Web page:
100 Years Of Hawaiian Kings & Queens
Few societies on earth have undergone the immense and fast moving changes brought on by foreign discovery during the 18th and 19th centuries than Hawai’i. In ancient times this self sufficient and battle ready civilization was estimated to have been 1 million strong spread out on 6 major islands.
Kamehameha the Great battled for an estimated 40 years to bring the islands under his rule. His success was due to his brutal determination and intelligence – knowing when to make alliances and when to attack. Supported by his people and young wife Ka’ahumanu he continued his quest to unite all the islands until the job was finished.
He became the first monarch of the Kingdom of Hawai’i. His eight family members ruled through 100 years of strife and change until the Kingdom was overthrown by American businessmen in 1893 and annexed by the United States in 1898.
The Hawaiian archipelago is one of the most isolated land masses on earth, yet is was discovered approximately 1000 years ago by Polynesian voyagers at a time in world history were few ventured so far from land. The culture and society that evolved here became one of the most impressive and robust in all of the Polynesian triangle.
For hundreds of years these immigrants arrived from the southern Polynesian islands of the Marquesas, Samoan, Tongan and Tahitian islands. They established communities and enclaves which were mostly separate from each other, but by the 13th century powerful priests arrived and began the formation of the “kapu system” of Hawaiian religion and government. This ancient lifestyle evolved with no outside contact for over 600 years.
When Captain Cook arrived in 1778 the warrior society was at its height with chiefs from the Big Island of Hawai’i and Maui vying for control of the entire island chain. Maui’s Ali’i Moi (king) Kahekili nearly accomplished the feat conquering or gaining control of all the islands except the Big Island.
Meanwhile on the Big Island, Kamehameha consolidated his power while obtaining western armaments of muskets, swords and a canon from now arriving western ships and invaded Maui and defeated Kahekili’s forces at Iao Valley in 1794. What was left of Maui’s army retreated to Oahu but were again defeated there by Kamehameha a year later in 1795. After Kamehameha’s fleet, which now included western ships, were turned back in a storm trying to invade Kauai, the island’s king choose allegiance to Kamehameha rather than war and the island chain became the Kingdom of Hawai’i in 1810. Thus the 100 year reign of the Hawaiian monarchy began…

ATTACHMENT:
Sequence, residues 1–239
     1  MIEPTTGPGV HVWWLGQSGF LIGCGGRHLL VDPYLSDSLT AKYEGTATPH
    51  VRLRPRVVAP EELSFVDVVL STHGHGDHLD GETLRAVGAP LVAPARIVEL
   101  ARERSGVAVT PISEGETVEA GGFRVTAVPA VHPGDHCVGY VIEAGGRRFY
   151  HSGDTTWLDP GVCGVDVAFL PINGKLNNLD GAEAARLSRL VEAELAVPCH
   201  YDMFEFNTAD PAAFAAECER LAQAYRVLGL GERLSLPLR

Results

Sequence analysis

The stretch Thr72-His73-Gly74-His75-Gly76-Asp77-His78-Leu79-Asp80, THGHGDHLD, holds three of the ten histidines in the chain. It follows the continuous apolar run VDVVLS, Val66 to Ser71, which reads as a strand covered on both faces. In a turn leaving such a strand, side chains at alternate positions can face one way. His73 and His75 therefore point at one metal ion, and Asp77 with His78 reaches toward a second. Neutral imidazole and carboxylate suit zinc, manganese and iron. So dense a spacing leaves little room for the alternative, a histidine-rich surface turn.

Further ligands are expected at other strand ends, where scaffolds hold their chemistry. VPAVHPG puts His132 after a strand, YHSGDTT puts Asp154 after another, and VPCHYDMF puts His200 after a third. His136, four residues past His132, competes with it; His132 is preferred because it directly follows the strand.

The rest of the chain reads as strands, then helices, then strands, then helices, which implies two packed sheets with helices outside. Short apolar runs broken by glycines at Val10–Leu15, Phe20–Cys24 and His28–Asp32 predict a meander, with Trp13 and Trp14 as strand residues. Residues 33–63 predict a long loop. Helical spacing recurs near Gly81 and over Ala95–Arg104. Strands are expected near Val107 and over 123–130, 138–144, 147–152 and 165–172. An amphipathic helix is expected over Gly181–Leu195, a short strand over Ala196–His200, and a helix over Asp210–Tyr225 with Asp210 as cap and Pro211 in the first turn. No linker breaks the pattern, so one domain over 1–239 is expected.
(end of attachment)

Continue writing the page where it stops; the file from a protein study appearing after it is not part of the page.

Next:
Kamehameha’s life was shrouded in supernatural powers and intrigue. There are several accounts of his young life with historians differing on events such as his time of birth. Since Hawaiians did not measure their age in years there are still some unknowns about how old Kamehameha was when he died in 1819 but most historians at the time believed him to be in his 80’s.
One story tells that around the time of his birth priests had foretold a prophecy of a king who would conquer all adversaries. Stories and legends (mo’olele) describe a comet seen in the sky during the time of Kamehameha’s birth, signaling the child’s powers backed by the gods. The king (Ali’i Moi) of Hawai’i Island sent warriors to kill the future rival, but his mother was aware of the plot and sent the newborn away into the mountains attended by servants. It is said he almost died of exposure in the mountains during the journey but was revived. Five years later the king (Alapa’i) who ordered his death died and Kamehameha was returned to his parents and raised by his uncle Kalaniopu’u, who eventually became king of Hawai’i Island, in the tradition of a warrior while learning the royal responsibilities of a Hawaiian chief.
Kamehameha the Great fought many battles throughout his young life. After gaining control of Hawai’i Island he battled with Maui’s King Kahekili for control of the entire island chain. Kahekili was a skilled warrior chief who, in the mid 1700’s, had repelled an invasion of then Ali’i Moi of Hawai’i Island Kalaniopu’u when he attacked Kahekili’s forces in Wailuku. Kamehameha, an officer in Kalaniopu’u’s army, showed great bravery and skill in this battle even though Kahekili’s forces prevailed.
Kamehameha was also there when Captain Cook arrived and boarded his ships in both Maui and the Big Island. Crewman accounts of the warrior speak of his size (well over 6 ft tall) and quiet intensity. He studied the westerners weapons and on subsequent arrivals of foreign ships procured canon and musket for his planned unification of the entire island chain.
Kamehameha soon went on to conquer Kahekili’s forces at Maui’s Iao Valley in the late 1700’s with the help of these western armaments. By 1795 Kamehameha’s army conquered Oahu and gained control of all the major islands except Kauai. Peace with Kauai was negotiated through western influences and by 1810 Kamehameha and his 10,000+ warriors had gained control of all the islands. He ruled peacefully for 25 years guiding the new kingdom through entanglements with foreigners of nearly every developed country of the time who came seeking adventure and profit in Hawai’i. He died at his royal compound in Kona in 1819.
Daughter of a prominent Big Island Ali’i (chief) living in Hana she was bequeathed to Kamehameha at a young age. By the age of 18 she had became the favorite wife and advisor of Kamehameha. She encouraged him in his conquest of the islands but held a secret desire to free herself of the repressive kapu system of government and religion of ancient Hawai’i.